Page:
Roosevelt University’s Prof. Choca Talks About Opening Relations with Cuba, His Childhood There

Professor James Choca

CHICAGO–(ENEWSPF)–January 15, 2015.  Professor of Psychology James Choca, a native of Havana, Cuba, spoke last month after news broke that President Barack Obama would establish full diplomatic relations with Cuba and call on Congress to lift the 55-year-old trade embargo. Choca is 69 and left Cuba with his parents and five siblings in 1960, when he was 15.

Q. What did you think of the news?

A. I am very happy about it. I was surprised, but I did expect it eventually. The situation in Cuba can’t last. Cuba, right now, is a third-world country. Cubans think it’s because of the embargo, but I don’t think so. The problem is that it’s a dictatorship. The government doesn’t want anyone doing anything commercial because they’re afraid of losing power.

This is just the beginning. The embargo is not over, because Congress has to lift it. But I think both countries could benefit from seeing each other and seeing what the other is trying to do. I don’t think capitalism as we know it in the U.S. is the answer. But what they’re doing in Cuba, the communist dictatorship, isn’t working.

Q. Tell us about your childhood and leaving Cuba.

A. We lived in a house my father had built, six of us and our parents. My mom was a psychologist and my dad a psychiatrist. We left a year and a half after Castro took over. The rest of our extended family was either moving or had moved to the States. They objected to socialism and communism, but my dad was a very liberal person. Basically, he was a socialist, and he didn’t always see eye-to-eye with the rest of the family. But he was also more Catholic than the pope. So when Castro announced he was taking over Catholic schools, that was it. In no time, we were in the States.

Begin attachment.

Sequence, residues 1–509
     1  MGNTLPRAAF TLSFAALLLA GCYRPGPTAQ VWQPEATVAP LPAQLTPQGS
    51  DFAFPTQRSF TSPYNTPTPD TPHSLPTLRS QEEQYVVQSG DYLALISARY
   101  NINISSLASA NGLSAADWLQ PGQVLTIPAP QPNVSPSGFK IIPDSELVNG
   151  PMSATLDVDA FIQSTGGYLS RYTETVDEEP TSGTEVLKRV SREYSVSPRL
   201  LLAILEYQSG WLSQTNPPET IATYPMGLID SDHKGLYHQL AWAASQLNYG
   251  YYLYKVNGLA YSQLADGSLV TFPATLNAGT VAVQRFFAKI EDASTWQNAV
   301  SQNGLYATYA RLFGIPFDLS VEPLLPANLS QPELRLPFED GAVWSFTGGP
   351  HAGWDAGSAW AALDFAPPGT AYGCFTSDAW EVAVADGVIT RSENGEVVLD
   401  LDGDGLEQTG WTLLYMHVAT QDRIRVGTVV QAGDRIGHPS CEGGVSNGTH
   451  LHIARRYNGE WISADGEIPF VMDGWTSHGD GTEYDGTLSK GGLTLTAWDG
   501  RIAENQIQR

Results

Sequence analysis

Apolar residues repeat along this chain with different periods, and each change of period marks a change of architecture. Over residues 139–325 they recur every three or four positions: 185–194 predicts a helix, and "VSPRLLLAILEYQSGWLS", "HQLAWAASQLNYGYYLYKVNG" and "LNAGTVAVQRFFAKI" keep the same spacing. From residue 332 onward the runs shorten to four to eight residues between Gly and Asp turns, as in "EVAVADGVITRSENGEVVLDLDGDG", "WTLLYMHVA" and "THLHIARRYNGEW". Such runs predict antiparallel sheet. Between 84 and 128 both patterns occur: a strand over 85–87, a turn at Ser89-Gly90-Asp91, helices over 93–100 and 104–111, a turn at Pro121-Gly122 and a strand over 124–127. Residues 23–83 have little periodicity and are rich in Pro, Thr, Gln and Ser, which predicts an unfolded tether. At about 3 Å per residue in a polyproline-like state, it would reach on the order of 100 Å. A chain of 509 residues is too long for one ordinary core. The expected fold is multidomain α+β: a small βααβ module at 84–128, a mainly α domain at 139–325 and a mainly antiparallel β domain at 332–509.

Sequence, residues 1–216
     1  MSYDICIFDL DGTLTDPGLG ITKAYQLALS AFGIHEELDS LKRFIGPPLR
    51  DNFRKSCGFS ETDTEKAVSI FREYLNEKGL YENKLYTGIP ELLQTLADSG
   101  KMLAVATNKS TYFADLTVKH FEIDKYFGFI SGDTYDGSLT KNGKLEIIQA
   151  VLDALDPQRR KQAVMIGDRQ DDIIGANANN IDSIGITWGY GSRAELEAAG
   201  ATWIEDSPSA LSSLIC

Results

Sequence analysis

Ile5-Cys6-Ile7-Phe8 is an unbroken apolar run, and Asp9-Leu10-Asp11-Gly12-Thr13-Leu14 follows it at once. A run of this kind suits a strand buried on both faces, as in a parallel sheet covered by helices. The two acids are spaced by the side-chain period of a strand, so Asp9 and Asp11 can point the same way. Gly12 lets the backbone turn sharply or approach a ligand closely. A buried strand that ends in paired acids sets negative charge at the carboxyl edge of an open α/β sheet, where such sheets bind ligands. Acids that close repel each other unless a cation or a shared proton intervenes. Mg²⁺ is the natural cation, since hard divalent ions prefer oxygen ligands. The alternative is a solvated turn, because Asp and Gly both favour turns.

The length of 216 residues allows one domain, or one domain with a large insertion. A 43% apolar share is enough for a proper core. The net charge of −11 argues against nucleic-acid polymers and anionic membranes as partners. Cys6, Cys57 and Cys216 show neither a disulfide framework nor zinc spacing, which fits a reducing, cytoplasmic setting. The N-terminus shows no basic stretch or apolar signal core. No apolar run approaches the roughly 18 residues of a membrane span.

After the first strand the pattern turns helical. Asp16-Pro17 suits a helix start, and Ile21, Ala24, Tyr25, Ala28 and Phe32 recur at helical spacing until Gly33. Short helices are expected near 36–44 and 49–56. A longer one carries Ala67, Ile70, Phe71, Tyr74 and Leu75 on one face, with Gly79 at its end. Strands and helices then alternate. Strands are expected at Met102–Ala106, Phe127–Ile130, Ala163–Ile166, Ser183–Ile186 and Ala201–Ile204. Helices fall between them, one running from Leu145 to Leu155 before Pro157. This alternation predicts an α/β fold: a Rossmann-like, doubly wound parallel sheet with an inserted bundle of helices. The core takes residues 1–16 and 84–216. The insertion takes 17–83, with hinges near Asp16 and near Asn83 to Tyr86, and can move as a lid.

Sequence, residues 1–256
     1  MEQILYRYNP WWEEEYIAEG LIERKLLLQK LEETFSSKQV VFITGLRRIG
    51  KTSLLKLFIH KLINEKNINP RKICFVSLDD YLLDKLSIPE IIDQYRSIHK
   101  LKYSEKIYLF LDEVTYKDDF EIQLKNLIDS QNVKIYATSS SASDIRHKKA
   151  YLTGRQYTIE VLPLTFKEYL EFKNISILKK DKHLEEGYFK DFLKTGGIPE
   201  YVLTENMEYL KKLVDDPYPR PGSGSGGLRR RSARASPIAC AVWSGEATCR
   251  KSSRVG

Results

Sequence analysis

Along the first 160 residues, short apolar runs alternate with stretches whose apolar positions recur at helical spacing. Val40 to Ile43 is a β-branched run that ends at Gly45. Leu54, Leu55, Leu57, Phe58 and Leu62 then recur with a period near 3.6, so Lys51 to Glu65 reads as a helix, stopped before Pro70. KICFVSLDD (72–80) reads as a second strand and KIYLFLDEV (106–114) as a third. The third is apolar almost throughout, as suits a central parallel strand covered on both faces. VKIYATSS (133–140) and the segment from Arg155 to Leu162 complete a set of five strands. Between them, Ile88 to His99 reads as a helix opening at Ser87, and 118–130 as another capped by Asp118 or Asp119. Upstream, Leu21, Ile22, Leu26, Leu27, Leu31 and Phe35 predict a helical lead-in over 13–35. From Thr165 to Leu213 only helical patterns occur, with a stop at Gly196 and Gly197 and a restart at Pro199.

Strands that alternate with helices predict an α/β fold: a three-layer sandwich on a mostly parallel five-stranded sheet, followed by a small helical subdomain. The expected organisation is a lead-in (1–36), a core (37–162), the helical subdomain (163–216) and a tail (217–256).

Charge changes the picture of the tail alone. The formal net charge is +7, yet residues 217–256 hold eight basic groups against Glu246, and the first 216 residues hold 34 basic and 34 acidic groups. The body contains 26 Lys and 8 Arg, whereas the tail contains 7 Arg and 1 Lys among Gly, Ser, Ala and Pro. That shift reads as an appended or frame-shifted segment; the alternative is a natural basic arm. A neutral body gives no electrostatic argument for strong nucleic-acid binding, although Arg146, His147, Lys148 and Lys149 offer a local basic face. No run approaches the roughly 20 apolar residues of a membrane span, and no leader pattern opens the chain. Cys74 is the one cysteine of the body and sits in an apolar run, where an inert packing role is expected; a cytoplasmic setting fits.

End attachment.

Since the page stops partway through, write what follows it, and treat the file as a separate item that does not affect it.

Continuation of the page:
Q. What were your first years in the United States like?

A. It was hard. We were in Miami one year. That was easier because it was full of Cubans. During the year we were in Miami, I learned to read English. I couldn’t speak it, but I had to read the books in order to pass the courses at school. I opened the book, got the dictionary and started translating word by word.

We came to Chicago and ended up in Wilmette. It was senior year, and all the cliques were already formed. There were no other Latinos, except maybe one. It was just a terrible year. In order to pay tuition at my private high school, I took a job in a grocery store, and there, people were very friendly and nice to me. So when all my classmates were going to go off to college, my aim was to take a full-time job with the A&P. My mother, very wisely, had other plans and had applied on my behalf to colleges.

One of them was St. Benedict’s in Atchison, Kansas. My mom called them up and said, ‘Is he admitted?’ They said, ‘His forms aren’t complete…but sure.’ She came and told me, ‘You’ve been admitted to St. Benedict’s in Atchison, Kansas, and they start next week.’ She put together one of the duffel bags we brought from Cuba, full of my clothes and whatnot, and put me on a train with 20 bucks. My major was math, because I didn’t need to know a lot of English. It was all equations and symbols.